Skip: Hello everyone, this is Skip Montreux reporting from Tokyo.
Dez: Yes, welcome back everyone. This is Dez Morgan reporting from Newcastle in the UK’s northeast.
Skip: And you are listening to another episode of Down to Business English.
Skip: Dez, you really are playing some north – south ping pong over there in England.
Dez: I know, from Leeds to Southampton and now back to the north in Newcastle. I was going to point out that Newcastle is the home to a really famous football team and then ask if you had heard of them, but knowing you Skip I’m afraid I would be wasting my time.
Skip: Oh Dez, give me a break, of course I’ve heard of them. The Newcastle…..Rovers.
Skip: I mean United….okay, it was a good guess I suppose.
Dez: Not even close, but perhaps you have heard of Newcastle’s main sponsor who famously went bankrupt in 2008.
Skip: Oh, yes, I think I do know this. It was…. AIG?
Dez: Not bad…but wrong again. AIG are actually the sponsor of Manchester United but you were close though.
Skip: So who was Newcastle’s sponsor?
Dez: Newcastle’s sponsor was and still is the financial institution Northern Rock.
Skip: Ahh yes, Northern Rock. So what exactly happened to them?
Dez: Well they were, like so many other banks, bailed out in 2008 and are now partially owned by the government.
Skip: The last couple of years have certainly not been very good for anyone who is invested in the major banks. You would think investing in banking shares would be a lot safer.
Dez: Interesting that you should make that observation as I was reading a piece on the BBC webiste a few days ago by Robert Peston, who is the BBC’s business guru.
Skip: Robert Peston, yes I am sure that at least a few of our listeners have heard of him. What was his view?
Dez: Well according to Peston, investing in Hedge Funds is in some ways safer than investing in banks.
Skip: I am sorry did I miss something? You said safer? How could that be?
Dez: I had the same reaction. I had to go back and read that bit again to be sure that I had read it properly.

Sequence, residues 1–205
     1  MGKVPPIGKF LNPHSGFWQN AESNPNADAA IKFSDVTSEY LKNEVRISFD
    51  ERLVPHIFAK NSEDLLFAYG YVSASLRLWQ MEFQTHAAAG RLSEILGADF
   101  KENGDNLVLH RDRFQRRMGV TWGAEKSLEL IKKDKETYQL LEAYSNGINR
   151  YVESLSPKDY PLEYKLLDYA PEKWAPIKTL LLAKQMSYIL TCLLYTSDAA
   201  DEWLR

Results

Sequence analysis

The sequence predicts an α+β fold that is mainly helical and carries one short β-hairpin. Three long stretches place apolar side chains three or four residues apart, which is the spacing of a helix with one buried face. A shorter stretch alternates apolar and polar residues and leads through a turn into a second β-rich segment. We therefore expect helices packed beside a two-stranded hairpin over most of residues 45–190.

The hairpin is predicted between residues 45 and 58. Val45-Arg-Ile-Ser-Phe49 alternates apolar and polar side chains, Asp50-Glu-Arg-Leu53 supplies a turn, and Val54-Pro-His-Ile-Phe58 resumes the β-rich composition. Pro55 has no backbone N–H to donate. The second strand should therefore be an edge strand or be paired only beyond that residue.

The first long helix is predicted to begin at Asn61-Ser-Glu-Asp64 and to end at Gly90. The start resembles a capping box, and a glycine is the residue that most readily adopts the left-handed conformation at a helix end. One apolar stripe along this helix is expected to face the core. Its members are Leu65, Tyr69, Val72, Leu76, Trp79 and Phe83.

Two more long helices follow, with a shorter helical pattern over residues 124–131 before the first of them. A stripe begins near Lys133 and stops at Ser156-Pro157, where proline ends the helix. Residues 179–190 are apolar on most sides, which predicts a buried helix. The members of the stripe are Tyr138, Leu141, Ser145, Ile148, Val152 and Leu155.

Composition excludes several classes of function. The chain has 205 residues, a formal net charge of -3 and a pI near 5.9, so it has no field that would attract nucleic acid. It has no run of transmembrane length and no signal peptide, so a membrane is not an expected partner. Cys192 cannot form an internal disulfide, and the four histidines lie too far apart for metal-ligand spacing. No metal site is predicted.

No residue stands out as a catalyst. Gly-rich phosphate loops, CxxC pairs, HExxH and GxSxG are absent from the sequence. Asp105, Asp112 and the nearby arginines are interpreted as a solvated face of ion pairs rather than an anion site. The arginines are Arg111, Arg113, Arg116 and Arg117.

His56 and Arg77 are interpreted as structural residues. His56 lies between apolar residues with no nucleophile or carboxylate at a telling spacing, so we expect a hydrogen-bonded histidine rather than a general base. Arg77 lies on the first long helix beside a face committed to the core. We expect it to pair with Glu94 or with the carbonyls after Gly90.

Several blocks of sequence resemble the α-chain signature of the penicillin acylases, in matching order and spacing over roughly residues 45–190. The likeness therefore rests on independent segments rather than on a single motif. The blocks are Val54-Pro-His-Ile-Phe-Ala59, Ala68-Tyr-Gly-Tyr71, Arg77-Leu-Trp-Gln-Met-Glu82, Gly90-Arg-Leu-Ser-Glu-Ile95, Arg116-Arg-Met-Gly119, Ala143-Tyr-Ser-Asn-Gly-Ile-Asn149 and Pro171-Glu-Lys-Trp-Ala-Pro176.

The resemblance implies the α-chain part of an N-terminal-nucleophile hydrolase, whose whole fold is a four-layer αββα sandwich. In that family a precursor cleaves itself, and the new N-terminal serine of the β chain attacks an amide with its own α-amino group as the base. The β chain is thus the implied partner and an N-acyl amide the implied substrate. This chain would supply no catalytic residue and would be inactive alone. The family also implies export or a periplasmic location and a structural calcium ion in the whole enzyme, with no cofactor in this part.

Skip: You have me intrigued now. Please explain to me and our listeners; in what way is investing in a hedge fund less risky than investing in a bank? I mean, banks are considered a traditional investment whereas the image of hedge funds is that they are the domain of high risk investors.
Dez: The issue is all about how much money a bank or fund is required to have on deposit compared to how much it borrows.
Skip: And how much is that requirement?
Dez: It is usually expressed as a multiple of the deposit, and in banking terms is called leverage. As an example; a bank that was using 3 to 1 leverage would be able to borrow three times the amount of what it held in its reserves.
Skip: So is that example typical of a bank then, to use 3 to 1 leverage?
Dez: Not even close. The average for banks is 30 to 1.
Skip: 30 to 1? So if I’m following you, a bank can borrow 30 times more than it actually has on hand
Dez: That’s exactly what I’m saying. Now, let’s compare that ratio to a hedge fund.
Skip: Yes, what ratio does a hedge fund use?
Dez: Believe it or not, hedge funds employ rates of leverage between 0 and 8 to 1, which as you can see is considerably lower than the average for banks.
Skip: That is significantly lower. If that is the case, why is it that are banks considered a relatively safe investment compared to hedge funds?
Dez: If you think about it a bit I bet you could answer that yourself.
Skip: You know Dez, I appreciate the faith you have in me, but honestly speaking, the whole investment sector of hedge funds is a bit of a mystery to me.
Dez: Like so many other things. Well that brings us to our story for today. Let’s get D2B, down to business with Hedge Funds: What are they? How do they make money? Why are they safer than investing in banks, and are they suitable for you and me?
Dez: So Skip, I think you need to have a bit more confidence in yourself. I want you to take another crack at answering your own question. Why do you think banks are considered a safer investment than hedge funds when in some respects, they’re not.
Skip: Well, would I be correct in assuming that it’s because governments, or in other words tax payers, commonly bailout the banks if they implode through too much debt?
Dez: Very good Skip. It is also for this reason that banks are able to borrow money at fairly low interest rates. Which of course gives the banks a huge advantage over the hedge funds, but even with their lower rates of leverage and relatively higher rates of interest, some hedge funds manage to make very decent profits for their investors.
Skip: Wow, I’m 2 for 2.
Dez: Here is another question for you Skip. What is the difference between a hedge fund and a mutual fund or as we call it in the UK; a unit trust?
Skip: I suppose it might be because there is less government regulation in the hedge fund world.